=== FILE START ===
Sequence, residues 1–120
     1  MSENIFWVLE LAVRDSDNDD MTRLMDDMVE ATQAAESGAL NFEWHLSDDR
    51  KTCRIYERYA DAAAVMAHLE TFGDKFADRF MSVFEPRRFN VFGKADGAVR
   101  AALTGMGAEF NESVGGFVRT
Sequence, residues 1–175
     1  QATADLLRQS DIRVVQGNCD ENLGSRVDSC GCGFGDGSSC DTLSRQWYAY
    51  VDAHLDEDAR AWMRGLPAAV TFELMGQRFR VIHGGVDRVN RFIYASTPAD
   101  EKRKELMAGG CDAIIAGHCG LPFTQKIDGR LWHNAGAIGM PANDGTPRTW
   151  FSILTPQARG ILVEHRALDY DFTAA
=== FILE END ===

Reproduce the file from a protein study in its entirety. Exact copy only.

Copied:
Sequence, residues 1–120
     1  MSENIFWVLE LAVRDSDNDD MTRLMDDMVE ATQAAESGAL NFEWHLSDDR
    51  KTCRIYERYA DAAAVMAHLE TFGDKFADRF MSVFEPRRFN VFGKADGAVR
   101  AALTGMGAEF NESVGGFVRT
Sequence, residues 1–175
     1  QATADLLRQS DIRVVQGNCD ENLGSRVDSC GCGFGDGSSC DTLSRQWYAY
    51  VDAHLDEDAR AWMRGLPAAV TFELMGQRFR VIHGGVDRVN RFIYASTPAD
   101  EKRKELMAGG CDAIIAGHCG LPFTQKIDGR LWHNAGAIGM PANDGTPRTW
   151  FSILTPQARG ILVEHRALDY DFTAA